Although the housing market has recovered to the point where it has now surpassed pre-crash levels, the rate of building has slowed down markedly. In 2016, the supply of homes fell 330,000 units short of demand. In May 2017, a report from the National Association of Homebuilders showed that home prices are an incredible 50 percent higher than what it deems the ‘normal’ level.

The National Association of Realtors said that the median price for a new home was $252,800 in May 2017, an increase of almost 6% on 2016. As a result of rising prices, an increasing number of Americans are experiencing ‘buyer’s remorse.’ The main issue is that the homes they purchased are too small; primarily due to the cost of property.

The Biggest Points of Contention

Here is a list of regrets from homeowners as per the Trulia Survey:

  • General Regrets About Current Home or Process of Choosing Home: 51%
  • Wish They Had Bought Instead of Rented: 41%
  • Wish They Had Chosen a Larger Home: 33%
  • Wish They Had Performed More/Less Remodeling: 26%
  • Wish They Had Better Information Before Purchasing: 9%

The level of regret is much greater amongst 18-34 years; 71% say they had regrets about their home or the purchasing process. It is also worth noting that over 40% of renters wished they had bought their home instead. According to David Weidner of Trulia, it is cheaper to purchase rather than rent over a seven year period in every major U.S. market. He also pointed out that home size is a common gripe as property gets more expensive and people have to settle for less in terms of space.

How to Handle Buyer’s Remorse

According to Trulia, up to 20 percent of Americans believe a housing mistake made in the past is preventing them from changing their existing situation. We wish there were a ‘one size fits all’ solution to the problem, but in reality, your unique circumstance dictates your next steps.

For instance, if you purchased your home recently, it is worth holding onto it for the next few years before considering a sale. As well as giving your property a chance to appreciate in value, it also enables you to handle any debt issues, add to your savings or increase your income. All of these financial steps will help you receive a better mortgage deal in the future.

If you are one of the 51% of Americans who have regrets about their home or the purchasing process, it is important not to dwell on the past. There are so many variables involved in buying a home that it is often tough to pinpoint precisely where you made a mistake. Obviously, there are some obvious errors such as significantly overpaying for a property.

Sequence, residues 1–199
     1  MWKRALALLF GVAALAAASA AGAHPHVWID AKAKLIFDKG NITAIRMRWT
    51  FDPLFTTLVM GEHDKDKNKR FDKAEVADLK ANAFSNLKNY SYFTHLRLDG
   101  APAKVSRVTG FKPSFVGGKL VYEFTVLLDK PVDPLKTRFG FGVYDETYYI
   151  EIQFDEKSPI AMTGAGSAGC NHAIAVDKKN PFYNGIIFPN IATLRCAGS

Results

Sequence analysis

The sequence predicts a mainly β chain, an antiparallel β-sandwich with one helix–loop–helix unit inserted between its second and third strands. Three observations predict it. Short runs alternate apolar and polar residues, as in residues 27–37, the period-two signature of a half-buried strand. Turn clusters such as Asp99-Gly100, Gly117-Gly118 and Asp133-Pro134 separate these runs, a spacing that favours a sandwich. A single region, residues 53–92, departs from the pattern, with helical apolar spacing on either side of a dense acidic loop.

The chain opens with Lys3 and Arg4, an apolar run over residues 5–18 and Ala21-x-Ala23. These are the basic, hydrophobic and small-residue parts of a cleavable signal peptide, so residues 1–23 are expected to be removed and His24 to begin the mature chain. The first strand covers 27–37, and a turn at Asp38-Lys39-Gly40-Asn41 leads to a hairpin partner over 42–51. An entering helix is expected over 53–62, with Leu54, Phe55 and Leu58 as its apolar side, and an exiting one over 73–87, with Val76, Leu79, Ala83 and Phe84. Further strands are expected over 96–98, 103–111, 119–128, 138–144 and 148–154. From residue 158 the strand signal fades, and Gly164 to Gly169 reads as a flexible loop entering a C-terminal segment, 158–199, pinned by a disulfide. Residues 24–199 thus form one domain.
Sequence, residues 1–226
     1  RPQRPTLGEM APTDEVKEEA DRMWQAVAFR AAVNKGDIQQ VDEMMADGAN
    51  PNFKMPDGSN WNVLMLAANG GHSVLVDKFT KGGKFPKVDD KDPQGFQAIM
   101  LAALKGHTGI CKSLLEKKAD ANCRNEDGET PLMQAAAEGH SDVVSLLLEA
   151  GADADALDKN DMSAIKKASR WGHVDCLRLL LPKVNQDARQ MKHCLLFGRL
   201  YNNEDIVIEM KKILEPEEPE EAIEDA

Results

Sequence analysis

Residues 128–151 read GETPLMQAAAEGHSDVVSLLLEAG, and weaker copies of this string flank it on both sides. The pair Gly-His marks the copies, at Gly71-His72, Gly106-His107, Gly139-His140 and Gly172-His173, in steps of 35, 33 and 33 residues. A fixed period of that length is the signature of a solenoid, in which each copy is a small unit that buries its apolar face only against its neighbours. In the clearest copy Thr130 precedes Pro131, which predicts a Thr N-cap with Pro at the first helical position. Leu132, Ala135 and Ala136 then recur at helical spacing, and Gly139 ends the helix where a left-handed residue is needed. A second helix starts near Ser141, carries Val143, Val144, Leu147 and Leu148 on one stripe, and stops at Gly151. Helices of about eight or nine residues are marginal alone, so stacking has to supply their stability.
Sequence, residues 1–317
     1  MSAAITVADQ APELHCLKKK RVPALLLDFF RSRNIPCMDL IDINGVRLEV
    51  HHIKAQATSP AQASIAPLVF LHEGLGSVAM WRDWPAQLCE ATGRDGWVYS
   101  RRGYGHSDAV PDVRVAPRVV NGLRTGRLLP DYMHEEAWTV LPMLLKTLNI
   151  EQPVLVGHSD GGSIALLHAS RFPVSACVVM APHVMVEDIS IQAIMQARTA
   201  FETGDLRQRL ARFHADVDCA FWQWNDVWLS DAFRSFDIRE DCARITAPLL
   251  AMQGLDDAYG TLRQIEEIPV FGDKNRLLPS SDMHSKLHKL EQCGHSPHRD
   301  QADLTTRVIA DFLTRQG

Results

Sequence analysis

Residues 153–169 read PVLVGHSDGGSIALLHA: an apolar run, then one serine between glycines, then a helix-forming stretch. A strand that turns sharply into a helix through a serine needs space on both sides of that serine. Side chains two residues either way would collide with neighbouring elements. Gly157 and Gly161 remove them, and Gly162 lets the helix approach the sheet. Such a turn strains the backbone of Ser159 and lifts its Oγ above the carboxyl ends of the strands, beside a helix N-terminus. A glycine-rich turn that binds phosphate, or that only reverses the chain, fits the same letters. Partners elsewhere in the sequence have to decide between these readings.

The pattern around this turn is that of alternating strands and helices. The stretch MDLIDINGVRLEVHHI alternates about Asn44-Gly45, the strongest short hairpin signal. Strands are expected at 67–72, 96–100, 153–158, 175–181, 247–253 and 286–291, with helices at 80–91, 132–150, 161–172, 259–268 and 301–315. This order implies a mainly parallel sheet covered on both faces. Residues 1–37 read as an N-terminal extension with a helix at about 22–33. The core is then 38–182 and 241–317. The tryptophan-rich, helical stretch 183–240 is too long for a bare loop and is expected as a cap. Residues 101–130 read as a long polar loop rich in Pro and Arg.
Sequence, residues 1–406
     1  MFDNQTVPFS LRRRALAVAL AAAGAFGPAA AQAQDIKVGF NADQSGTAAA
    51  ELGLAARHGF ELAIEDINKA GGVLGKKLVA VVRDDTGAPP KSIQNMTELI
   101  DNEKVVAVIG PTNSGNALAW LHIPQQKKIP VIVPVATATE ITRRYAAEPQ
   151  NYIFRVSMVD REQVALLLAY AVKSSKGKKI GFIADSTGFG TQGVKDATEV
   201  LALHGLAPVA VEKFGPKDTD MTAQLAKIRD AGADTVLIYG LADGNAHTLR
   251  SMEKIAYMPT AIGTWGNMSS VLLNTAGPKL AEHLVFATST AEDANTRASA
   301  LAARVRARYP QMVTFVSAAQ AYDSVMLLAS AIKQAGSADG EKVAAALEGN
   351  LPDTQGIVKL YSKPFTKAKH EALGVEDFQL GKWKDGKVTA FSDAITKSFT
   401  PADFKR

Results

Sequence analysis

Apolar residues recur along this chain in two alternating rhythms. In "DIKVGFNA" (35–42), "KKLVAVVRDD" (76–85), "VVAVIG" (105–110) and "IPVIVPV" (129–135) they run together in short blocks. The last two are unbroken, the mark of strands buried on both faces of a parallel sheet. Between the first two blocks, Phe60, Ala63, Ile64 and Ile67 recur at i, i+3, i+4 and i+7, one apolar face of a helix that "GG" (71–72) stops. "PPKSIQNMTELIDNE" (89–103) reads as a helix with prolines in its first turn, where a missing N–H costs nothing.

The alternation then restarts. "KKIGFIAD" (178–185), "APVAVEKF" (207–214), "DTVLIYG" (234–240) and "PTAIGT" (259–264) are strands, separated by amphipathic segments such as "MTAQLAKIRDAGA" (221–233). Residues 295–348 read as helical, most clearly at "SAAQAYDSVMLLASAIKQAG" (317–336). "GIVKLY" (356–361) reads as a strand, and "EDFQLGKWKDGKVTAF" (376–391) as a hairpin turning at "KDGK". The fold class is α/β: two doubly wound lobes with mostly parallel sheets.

Regardless, it is not worth torturing yourself over a perceived mistake in the past. Look to the future to conjure up ideas to help you out of your existing housing situation. However, prevention is better than cure, so if you haven’t purchased a home yet, follow these steps to avoid buyer’s remorse.

5 Way to Steer Clear of Buyer’s Remorse

Analyze Whether the Home Is What You Need Now & In the Future

It is time for a reality check; is the home large enough to accommodate more people if you start a family or expand your current one? The issue of space practically always crops up after a few years in a property. It appeared large enough at the time of purchase, but once you accumulate more possessions, storage becomes a pain.

Is It Affordable?

Never stretch your budget beyond its natural limit with the assumption that you’ll earn a larger salary in future. It’s all too easy to succumb to emotion and burden yourself with a mortgage beyond your ability to repay. Remain conservative with your first home; if your salary increases, it makes the monthly repayments much easier. There is also the possibility of using equity to purchase a bigger home later on.

Watch Out For Hidden Costs

One common mistake when purchasing property is to fall in love with a home and pull strings to make it fit within your budget. While you may successfully find a mortgage that is affordable on the surface, hidden costs will place you under severe financial strain. We’re not just talking about utility bills; we’re also including property tax, maintenance, and property insurance. Then there is the small matter of legal fees, closing costs and other payments related to buying or keeping a home.

What About the Neighborhood?

First and foremost, you want to live in a safe neighborhood with a low crime rate. Make sure you do your research on this front before signing on the dotted line. How far away from major amenities and entertainment centers is the home?

For parents of young children, a home in an area within a high-quality school district is a must. In the Trulia survey, 13% of parents with kids under the age of 18 wished they had chosen a neighborhood with a better school.

Are You in Good Shape Financially?

As well as affording the down-payment, there are other issues to consider. We recommend that you ensure your credit score is good and try to pay off as much debt as you can before applying for a mortgage. These steps will help you benefit from an improved mortgage rate which could save you a fortune over the next couple of decades.

Conclusion

Although home ownership is always a risk, it is something Americans must continue to strive for. When choosing to purchase a new home, look to avoid common errors such as buying a property that is too small, not getting the right information or applying for a mortgage when in a poor financial situation. By following these steps, you will avoid home buyer’s remorse.